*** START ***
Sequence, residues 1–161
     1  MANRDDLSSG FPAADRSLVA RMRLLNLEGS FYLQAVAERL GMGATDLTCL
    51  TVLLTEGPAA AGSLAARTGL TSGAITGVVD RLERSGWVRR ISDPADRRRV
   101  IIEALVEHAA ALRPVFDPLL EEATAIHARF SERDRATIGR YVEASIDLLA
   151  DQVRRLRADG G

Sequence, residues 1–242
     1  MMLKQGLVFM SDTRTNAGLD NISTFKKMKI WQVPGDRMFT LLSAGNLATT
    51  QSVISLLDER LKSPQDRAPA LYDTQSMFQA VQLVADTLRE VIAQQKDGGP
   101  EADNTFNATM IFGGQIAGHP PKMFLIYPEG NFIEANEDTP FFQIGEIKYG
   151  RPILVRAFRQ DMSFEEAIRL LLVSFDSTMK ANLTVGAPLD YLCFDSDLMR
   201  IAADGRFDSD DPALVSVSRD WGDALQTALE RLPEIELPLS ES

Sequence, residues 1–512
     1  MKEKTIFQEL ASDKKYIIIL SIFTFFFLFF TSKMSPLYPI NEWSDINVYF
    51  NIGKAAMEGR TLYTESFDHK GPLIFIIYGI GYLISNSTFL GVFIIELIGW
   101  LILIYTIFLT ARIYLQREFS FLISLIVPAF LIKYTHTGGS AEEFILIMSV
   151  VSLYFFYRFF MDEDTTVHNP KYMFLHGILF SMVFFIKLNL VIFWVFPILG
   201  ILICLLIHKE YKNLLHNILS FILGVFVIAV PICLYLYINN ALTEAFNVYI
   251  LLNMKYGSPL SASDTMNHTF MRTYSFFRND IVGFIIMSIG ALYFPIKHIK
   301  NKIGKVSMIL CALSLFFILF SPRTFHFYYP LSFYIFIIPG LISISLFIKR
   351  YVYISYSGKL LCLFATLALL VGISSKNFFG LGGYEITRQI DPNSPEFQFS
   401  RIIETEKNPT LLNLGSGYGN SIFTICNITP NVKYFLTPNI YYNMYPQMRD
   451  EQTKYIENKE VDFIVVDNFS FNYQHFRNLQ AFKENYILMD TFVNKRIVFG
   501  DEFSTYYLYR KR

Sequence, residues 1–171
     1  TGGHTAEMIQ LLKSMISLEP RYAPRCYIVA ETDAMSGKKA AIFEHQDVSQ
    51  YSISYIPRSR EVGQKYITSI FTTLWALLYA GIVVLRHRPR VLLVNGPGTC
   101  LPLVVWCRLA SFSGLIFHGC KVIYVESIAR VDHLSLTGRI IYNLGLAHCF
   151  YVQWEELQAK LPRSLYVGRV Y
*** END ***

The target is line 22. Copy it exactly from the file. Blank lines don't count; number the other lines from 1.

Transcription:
   451  EQTKYIENKE VDFIVVDNFS FNYQHFRNLQ AFKENYILMD TFVNKRIVFG